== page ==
“The track itself is an amazing piece of joinery, and its craftmanship is an inspiration for the entire building design,” said Cox Architecture director Richard Coulson. Cox Architecture won a design competition in 2013 for the project.

Gold Coast Hockey Centre by Mode.

Gold Coast Hockey Centre by Mode.

Image: Courtesy Alder Constructions

Gold Coast Hockey Centre – Mode

The upgrade to the Gold Coast Hockey Centre includes an extension to the existing clubhouse that more than doubles its size. It also includes the resurfacing of two synthetic pitches and the replacement of a turf pitch. The building features a public balcony with 200 permanent seats for spectators overlooking the synthetic pitches. The refurbishment also includes a function room, a central atrium, a bar and kitchen, meeting rooms and office spaces, a first aid room and changing rooms. Mode also designed the refurbishments of Nerange Mountain Bike Trails project and the Belmont Shooting Complex.

Broadbeach Bowls Club by Hamilton Hayes Henderson

Broadbeach Bowls Club by Hamilton Hayes Henderson

Broadbeach Bowls Club – Hamilton Hayes Henderson

Upgraded between 2015 and 2016, the Broadbeach Bowls Club now boasts an expanded dining hall, meeting and office room, new commercial kitchen, raised outdoor terraces and improved spectator viewing. Four international competition-standard greens have also been upgraded. Following its completion, the facility was host to the 2016 World Junior Bowls Championships, the 2017 Australian Open of Bowls and will be host to the 2020 World Bowls Championships.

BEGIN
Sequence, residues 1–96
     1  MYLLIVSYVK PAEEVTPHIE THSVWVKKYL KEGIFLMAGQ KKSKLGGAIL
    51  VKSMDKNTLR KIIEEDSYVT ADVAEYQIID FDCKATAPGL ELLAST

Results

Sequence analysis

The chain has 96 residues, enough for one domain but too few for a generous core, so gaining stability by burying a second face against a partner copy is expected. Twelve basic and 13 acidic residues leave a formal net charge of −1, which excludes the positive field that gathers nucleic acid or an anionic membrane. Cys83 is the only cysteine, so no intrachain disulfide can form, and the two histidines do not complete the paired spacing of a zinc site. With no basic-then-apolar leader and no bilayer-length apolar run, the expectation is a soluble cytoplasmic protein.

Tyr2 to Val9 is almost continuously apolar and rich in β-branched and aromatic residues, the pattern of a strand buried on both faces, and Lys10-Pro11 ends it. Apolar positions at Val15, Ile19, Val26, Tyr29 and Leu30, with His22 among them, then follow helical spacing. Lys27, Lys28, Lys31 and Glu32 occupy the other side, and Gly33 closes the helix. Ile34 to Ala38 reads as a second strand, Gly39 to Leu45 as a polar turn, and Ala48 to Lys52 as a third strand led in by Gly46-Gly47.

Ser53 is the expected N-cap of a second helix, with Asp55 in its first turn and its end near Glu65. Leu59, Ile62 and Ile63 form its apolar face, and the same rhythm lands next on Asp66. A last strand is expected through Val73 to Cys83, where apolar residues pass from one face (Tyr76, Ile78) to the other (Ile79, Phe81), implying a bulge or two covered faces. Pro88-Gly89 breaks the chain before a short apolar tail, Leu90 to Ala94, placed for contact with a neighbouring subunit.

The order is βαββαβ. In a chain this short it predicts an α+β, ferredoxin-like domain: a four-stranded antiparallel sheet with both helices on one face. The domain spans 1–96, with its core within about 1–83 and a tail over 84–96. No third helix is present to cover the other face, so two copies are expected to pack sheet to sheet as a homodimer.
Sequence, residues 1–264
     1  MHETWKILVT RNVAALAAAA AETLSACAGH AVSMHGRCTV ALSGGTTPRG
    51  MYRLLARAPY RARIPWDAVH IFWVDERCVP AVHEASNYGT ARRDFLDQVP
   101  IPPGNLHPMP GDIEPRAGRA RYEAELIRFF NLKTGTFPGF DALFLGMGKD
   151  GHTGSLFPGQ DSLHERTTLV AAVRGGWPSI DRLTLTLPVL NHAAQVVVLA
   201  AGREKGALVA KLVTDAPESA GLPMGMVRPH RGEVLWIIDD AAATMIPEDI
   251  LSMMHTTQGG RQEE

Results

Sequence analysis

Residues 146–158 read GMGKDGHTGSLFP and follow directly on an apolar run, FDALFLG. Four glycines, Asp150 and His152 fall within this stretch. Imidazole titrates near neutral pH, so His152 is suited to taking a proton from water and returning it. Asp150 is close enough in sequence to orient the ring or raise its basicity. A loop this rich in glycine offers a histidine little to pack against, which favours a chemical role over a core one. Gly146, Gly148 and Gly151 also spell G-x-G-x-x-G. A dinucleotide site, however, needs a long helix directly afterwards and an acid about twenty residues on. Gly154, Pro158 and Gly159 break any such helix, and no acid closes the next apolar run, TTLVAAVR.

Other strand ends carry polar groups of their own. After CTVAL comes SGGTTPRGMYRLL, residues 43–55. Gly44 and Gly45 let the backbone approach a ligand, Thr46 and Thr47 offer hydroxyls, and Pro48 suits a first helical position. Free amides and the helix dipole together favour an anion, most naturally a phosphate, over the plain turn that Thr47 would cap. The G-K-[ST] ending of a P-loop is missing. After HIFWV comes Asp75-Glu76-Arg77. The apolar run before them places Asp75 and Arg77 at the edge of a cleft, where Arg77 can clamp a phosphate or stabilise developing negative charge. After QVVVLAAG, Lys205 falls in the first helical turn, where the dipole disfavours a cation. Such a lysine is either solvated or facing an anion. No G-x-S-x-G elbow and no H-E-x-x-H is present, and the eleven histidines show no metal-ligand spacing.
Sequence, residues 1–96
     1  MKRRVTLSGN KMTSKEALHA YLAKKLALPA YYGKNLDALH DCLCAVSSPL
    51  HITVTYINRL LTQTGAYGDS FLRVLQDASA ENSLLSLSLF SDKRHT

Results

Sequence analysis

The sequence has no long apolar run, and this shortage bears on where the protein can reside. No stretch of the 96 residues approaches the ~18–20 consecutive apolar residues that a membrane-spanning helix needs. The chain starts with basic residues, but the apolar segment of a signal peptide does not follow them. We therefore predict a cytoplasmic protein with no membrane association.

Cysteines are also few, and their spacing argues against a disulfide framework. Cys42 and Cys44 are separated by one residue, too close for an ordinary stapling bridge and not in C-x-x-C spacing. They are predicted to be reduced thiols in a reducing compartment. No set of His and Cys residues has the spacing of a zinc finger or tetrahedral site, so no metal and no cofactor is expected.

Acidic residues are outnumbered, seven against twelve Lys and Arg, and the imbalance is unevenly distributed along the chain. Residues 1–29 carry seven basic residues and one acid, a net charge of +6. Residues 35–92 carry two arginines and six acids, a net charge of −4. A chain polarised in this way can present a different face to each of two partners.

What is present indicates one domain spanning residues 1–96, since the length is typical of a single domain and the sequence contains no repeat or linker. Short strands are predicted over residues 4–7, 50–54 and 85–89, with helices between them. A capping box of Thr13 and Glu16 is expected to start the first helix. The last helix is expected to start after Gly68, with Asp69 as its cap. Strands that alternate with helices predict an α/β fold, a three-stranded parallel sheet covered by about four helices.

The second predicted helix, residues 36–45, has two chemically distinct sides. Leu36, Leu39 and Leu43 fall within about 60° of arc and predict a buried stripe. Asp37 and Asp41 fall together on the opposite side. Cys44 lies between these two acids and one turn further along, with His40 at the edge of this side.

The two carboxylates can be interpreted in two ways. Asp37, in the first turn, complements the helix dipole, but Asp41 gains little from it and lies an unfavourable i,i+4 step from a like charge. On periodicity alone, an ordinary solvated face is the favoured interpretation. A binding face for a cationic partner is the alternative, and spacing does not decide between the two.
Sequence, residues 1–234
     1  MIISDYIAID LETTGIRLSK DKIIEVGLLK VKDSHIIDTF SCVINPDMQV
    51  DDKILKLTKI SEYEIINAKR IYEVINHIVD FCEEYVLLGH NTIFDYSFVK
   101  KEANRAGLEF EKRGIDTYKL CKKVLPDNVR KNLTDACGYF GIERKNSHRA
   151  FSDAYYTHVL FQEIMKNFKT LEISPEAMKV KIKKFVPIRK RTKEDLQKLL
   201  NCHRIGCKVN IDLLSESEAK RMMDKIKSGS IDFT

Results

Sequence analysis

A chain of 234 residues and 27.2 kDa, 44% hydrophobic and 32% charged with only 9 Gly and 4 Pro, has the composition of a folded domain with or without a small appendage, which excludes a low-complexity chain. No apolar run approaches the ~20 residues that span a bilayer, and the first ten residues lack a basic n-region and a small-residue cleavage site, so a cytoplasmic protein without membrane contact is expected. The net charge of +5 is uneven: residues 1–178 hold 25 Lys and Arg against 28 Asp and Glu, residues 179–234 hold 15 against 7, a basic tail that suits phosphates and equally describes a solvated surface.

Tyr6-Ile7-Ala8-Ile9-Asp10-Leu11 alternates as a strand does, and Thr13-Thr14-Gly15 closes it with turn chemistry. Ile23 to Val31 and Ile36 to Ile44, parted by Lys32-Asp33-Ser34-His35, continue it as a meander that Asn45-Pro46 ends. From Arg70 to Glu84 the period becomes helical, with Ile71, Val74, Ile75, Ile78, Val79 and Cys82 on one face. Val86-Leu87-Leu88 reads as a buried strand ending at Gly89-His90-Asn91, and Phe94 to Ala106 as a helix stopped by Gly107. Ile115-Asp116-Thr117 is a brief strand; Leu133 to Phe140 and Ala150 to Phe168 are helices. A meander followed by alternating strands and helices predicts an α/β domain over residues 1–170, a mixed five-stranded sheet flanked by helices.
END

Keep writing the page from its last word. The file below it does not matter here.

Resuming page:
Gold Coast Aquatic Centre by Cox Architecture.

Gold Coast Aquatic Centre by Cox Architecture.

Image: Christopher Frederick Jones

Gold Coast Aquatic Centre – Cox Architecture

Officially opened in September 2014, the redevelopment of the former Southport Pool, now the Gold Coast Aquatic Centre, was the first venue to be refurbished. “Our strategy for the Gold Coast Aquatic Centre was to bring the main pools outdoors, enhancing the usability, sustainability, and general enjoyment of the outdoor venue,” said Coulson. The facility boasts a new 50-metre competition pool, refurbished lane training and diving pools and a new gymnasium, along with learn-to-swim facilities, a children’s play pool, childcare facilities and function rooms.

The building was awarded Building of the Year and received the People’s Choice Award at the 2015 Gold Coast/Northern Rivers Architecture Awards. “This is a fine piece of public infrastructure sited at the heart of quality waterfront parklands, and incorporates subtropical and urban design principles,” said the jury. “It addresses Commonwealth Games overlay and legacy planning. Its adaptive re-use of the site’s previous Southport Pool, with retention of key elements, builds on the Coasts’ cultural heritage. Key to the ongoing design success of this public facility will be a quality design management process, with respect to evolving programs and spatial requirements.”